Easy tips from experts on how kiwis can save money amid cost of living crisis

Avoid chasing points

Rasmussen agreed with Shanks that Kiwis should plan their grocery shopping and also check the fridge before heading out, so they aren’t tempted to add extra items.

One trap kiwifruit can fall into is looking at supermarket specials, which Rasmussen believes may actually make you spend more.

“One thing we would say is that it’s fair to have second thoughts about supermarket specials, things like everyday value and great prices,” he told Newshub.

“This marketing is really persuasive, it can make you feel like you’re getting a great deal, but the savings may not be as high as you think. So sticking to your list is a great way to avoid spending.”

He urged Kiwis to look over their eye lines at shelves, while avoiding chasing points for rewards.

“Oftentimes eye level is where the most profitable items are in the supermarket, so look up and down and really check out those different price points,” he said.

“We would advise people not to chase points when they’re out shopping because they have to spend a lot of money for fairly insignificant gains, so just stick to what you need.”

He also encouraged Kiwis to buy their fruit and vegetables at local markets, where they can find good deals.

Rasmussen said he would advise Kiwis not to go to the supermarket hungry as he might see them buying extra items, and also encouraged buying cheaper cuts of meat.


Shanks said phone plans, internet and energy create a significant drag on household costs and urged New Zealanders to ask themselves what they really need.

“If you have a cell phone, do you still need the landline? Do you need a monthly payment plan or would a SIM card be cheaper?”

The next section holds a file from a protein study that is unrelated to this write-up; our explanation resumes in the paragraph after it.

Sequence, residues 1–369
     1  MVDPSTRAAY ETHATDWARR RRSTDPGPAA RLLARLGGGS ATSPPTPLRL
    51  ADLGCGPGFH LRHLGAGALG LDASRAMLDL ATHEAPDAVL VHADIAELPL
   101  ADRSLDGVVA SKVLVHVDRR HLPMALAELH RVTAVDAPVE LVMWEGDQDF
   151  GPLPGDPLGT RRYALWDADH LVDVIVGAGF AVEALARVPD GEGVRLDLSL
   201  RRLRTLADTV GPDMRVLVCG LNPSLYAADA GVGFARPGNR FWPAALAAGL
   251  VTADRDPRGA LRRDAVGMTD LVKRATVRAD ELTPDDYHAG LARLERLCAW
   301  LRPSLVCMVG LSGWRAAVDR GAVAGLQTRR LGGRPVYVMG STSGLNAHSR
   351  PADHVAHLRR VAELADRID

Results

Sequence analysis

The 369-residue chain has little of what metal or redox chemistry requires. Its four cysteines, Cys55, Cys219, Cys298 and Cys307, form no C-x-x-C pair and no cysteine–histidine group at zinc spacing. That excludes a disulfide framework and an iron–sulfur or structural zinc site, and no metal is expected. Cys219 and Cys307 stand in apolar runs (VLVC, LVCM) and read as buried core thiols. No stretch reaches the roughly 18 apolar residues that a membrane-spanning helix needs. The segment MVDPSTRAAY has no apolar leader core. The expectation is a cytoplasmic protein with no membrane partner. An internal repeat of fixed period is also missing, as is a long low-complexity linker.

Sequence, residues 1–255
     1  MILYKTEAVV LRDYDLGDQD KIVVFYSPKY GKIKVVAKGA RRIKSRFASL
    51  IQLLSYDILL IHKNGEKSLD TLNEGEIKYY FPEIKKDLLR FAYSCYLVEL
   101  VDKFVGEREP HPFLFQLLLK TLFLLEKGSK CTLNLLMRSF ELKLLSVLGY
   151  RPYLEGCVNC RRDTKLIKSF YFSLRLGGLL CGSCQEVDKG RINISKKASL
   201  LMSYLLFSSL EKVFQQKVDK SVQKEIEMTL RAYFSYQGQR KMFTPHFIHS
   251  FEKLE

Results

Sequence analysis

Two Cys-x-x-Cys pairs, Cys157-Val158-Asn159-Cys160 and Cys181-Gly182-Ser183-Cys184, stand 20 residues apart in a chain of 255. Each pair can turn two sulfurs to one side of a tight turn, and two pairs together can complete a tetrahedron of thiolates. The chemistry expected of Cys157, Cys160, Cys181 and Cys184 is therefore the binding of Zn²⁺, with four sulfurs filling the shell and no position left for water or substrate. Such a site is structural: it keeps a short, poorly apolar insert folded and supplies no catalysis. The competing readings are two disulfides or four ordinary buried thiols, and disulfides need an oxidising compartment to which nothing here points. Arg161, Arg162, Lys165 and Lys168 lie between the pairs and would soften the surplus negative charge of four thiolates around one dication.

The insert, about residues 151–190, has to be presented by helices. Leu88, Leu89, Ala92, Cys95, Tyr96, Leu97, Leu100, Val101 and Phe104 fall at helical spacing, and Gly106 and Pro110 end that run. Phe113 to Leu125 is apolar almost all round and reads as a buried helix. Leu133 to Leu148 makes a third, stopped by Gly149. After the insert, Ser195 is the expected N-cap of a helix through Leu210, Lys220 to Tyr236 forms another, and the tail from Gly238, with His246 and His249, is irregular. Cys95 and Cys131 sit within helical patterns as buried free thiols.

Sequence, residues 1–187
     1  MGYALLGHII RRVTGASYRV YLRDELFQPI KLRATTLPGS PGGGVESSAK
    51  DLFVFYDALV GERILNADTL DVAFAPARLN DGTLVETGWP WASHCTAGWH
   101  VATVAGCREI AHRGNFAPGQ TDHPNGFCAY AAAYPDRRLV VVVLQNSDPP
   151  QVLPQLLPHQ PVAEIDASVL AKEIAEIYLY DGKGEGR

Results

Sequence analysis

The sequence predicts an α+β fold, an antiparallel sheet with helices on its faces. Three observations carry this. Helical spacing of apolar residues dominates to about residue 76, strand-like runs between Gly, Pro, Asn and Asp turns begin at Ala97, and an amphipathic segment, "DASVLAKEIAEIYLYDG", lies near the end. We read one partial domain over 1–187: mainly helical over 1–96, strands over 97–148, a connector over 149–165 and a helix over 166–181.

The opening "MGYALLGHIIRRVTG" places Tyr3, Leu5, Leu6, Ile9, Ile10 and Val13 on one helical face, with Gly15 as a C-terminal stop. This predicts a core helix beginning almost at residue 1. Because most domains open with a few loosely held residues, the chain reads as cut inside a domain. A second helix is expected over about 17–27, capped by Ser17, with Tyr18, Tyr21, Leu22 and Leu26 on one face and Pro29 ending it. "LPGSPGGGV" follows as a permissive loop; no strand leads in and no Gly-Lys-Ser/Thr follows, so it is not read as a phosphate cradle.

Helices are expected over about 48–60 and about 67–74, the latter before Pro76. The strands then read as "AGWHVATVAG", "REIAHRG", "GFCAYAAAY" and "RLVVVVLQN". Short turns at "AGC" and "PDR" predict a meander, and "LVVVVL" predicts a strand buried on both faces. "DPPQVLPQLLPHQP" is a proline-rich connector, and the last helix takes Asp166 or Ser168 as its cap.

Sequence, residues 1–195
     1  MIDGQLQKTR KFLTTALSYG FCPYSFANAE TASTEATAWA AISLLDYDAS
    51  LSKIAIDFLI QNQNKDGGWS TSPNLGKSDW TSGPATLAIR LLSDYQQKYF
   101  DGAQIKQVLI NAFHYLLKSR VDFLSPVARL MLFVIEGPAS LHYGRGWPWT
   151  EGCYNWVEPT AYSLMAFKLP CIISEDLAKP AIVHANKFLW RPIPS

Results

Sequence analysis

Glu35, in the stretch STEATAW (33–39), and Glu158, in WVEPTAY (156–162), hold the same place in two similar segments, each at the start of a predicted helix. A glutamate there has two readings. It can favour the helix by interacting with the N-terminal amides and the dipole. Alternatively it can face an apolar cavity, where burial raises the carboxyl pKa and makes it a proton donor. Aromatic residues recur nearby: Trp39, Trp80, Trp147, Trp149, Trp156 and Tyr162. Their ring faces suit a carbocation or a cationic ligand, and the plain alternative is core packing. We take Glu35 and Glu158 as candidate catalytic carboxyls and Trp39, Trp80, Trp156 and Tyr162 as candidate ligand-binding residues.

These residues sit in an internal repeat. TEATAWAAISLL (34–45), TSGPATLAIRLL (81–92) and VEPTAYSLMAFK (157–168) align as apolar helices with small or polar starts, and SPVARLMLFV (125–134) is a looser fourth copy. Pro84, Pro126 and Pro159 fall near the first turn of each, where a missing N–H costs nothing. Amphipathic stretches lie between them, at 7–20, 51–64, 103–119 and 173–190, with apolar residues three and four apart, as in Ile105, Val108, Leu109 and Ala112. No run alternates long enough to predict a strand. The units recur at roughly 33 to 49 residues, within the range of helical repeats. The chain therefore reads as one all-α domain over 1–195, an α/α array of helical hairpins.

A couple of tips Rasmussen gave the Kiwis to save energy was to make sure you have the right plan and to make sure there are no gaps under windows or doors.

Both Shanks and Rasmussen encouraged New Zealanders to visit powerswitch.org.nz to see if they have the best deal for them, as they could save hundreds of dollars by switching providers.

“Making sure your house is really well sealed is a great way to lower your bills,” Rasmussen told Newshub.

“Very often there can be gaps under doors or out windows and you could be losing heat through uninsulated ceilings or floors. So a really cost-effective way is to put block drafts under doors.

“Also watch your curtains because curtains can be a huge heat drain if you don’t have strong curtains with proper thermal insulation.”

The last tip Rasmussen had for saving energy is to make sure all unnecessary items are turned off and don’t waste energy.

“Go around your house and see what’s on. So, for example, having a towel warmer on all day would cost you about $0.49 a day, which works out to about $180 over the course of a year,” said.

“So maybe it would be that, whether you shower in the morning or at night, you could turn it on an hour or two earlier and that would save you money.”

Both Shanks and Rasmussen urged Kiwis to dry their clothes outside rather than in the tumble dryer, while taking shorter showers, using cold rather than hot water for washing, and trying to avoid the oven as much as possible. the possible.

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